I’ve talked a bit about the difference between what a poll might say vs actual actions.
Forgetting the splits lets see how this actually works in practice in a couple of blue states:
Getting a gay marriage bill through the Rhode Island House of Representatives with Gov. Lincoln Chafee’s support and a new openly gay House speaker was supposed to be a cakewalk. Instead, as The Boston Phoenix (an alternative paper) reports: “The end game is proving trickier than advocates had hoped. … They’ve been caught off guard by the prowess of the church, which has joined with the nation’s leading anti-gay marriage group to mount a surprisingly potent defense of the status quo.”
And in Maryland another deep blue state things are getting interesting too:
This week in Maryland, black Democrats from progressive districts are beginning to jump ship. First Melvin Stukes, a co-sponsor of a gay marriage bill in that state’s House of Delegates, unexpectedly announced he was switching sides.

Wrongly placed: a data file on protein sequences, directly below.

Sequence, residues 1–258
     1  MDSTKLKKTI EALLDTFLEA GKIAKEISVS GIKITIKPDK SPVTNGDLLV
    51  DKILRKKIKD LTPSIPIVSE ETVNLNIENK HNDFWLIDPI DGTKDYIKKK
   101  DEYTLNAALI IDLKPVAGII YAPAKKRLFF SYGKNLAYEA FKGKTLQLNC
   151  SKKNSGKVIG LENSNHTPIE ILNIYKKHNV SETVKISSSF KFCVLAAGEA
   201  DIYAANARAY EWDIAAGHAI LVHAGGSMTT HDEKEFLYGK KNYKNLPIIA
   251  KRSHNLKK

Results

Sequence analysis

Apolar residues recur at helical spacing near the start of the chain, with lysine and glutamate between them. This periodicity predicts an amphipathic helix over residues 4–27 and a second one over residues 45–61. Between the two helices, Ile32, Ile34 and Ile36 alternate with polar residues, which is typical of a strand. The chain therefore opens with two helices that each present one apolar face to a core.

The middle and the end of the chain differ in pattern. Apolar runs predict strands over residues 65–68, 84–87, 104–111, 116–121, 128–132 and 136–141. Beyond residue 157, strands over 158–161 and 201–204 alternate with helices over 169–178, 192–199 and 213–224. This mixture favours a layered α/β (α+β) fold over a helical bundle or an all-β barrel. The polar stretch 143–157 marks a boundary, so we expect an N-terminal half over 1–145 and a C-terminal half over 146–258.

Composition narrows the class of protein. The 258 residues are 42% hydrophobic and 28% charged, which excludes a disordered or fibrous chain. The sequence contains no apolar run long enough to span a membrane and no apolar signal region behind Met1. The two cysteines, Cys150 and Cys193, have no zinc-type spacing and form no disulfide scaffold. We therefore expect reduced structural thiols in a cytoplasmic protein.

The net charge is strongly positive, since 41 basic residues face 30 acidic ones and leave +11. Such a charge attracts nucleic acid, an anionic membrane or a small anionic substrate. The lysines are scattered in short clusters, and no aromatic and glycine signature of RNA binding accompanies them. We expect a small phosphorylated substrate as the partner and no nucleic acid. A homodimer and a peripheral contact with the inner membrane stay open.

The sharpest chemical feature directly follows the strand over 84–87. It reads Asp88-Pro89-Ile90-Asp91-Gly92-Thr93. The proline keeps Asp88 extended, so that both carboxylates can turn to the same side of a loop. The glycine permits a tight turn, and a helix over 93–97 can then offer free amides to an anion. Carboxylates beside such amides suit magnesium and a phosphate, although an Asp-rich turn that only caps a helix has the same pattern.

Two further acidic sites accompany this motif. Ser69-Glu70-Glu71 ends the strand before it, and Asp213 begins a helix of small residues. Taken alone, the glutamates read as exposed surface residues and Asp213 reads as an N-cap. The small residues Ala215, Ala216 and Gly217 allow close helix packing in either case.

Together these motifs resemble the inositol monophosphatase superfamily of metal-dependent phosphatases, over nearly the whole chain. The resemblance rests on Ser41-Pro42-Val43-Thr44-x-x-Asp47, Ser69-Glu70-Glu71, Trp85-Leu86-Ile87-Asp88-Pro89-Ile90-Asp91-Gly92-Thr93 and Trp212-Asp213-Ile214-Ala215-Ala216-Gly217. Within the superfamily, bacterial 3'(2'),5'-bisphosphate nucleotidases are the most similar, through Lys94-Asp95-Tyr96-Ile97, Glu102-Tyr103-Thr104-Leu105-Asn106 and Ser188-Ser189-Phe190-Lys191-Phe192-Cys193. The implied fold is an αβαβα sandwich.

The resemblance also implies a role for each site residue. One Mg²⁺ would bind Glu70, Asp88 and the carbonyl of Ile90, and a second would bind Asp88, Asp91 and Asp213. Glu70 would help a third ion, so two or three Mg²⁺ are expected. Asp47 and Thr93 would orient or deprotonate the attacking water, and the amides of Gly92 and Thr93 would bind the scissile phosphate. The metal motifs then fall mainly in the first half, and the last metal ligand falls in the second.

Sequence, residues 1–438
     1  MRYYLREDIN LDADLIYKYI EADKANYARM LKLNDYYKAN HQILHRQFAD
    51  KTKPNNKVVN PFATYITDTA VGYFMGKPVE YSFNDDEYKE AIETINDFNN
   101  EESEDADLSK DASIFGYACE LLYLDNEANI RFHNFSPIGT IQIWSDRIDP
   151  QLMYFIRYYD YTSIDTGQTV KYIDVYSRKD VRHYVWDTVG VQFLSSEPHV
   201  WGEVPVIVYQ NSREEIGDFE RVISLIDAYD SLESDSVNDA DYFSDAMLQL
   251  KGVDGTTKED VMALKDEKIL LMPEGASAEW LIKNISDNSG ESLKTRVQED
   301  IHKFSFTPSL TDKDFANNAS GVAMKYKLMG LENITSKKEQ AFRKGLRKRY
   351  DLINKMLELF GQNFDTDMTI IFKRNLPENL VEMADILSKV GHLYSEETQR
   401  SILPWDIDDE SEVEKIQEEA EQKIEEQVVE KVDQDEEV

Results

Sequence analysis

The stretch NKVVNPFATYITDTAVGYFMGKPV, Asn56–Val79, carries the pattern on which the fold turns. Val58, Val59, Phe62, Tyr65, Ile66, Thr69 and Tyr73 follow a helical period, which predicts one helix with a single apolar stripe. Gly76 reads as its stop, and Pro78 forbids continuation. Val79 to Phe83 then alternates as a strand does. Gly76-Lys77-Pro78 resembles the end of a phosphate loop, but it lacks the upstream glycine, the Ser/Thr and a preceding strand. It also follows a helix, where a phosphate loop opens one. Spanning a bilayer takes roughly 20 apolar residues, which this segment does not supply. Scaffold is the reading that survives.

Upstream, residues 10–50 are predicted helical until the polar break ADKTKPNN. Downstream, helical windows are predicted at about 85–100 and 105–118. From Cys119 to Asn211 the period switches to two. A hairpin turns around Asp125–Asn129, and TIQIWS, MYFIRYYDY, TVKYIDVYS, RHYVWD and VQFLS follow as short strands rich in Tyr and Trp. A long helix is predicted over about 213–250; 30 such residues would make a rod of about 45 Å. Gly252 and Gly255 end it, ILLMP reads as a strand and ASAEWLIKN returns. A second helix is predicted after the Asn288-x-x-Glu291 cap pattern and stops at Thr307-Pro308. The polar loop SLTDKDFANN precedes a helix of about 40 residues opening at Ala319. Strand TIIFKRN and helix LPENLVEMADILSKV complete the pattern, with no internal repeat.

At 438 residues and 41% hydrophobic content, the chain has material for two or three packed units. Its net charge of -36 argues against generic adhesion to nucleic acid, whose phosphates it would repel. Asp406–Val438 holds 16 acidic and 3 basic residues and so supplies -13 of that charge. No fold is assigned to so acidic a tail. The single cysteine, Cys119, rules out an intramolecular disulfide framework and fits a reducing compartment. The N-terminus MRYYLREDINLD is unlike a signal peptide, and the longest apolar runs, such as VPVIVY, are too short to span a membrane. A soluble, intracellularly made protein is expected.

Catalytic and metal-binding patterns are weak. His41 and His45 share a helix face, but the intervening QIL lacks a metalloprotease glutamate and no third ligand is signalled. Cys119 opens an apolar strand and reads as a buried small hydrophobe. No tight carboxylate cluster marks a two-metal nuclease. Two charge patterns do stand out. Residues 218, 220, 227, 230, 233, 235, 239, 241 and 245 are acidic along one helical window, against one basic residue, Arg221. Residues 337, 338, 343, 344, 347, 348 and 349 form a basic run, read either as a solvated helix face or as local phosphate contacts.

A few days later, two black Democrats counted as “yes” votes suddenly went missing, refusing to show up for a committee vote, which had to be postponed.
Maryland is a deep blue state — core Democratic territory — but opposition to gay marriage is also surging
And the reason?
The reaction has been extraordinary! The black church in particular has risen to this occasion in an extraordinary way. Whose vision and whose values count to the Democratic leadership in the Maryland legislature, black pastors are asking? Well, maybe this week they will find out!
If the trends where with them the democrats would not have the trouble they are having. It’s precisely because they don’t have the numbers that it’s necessary to push without public support.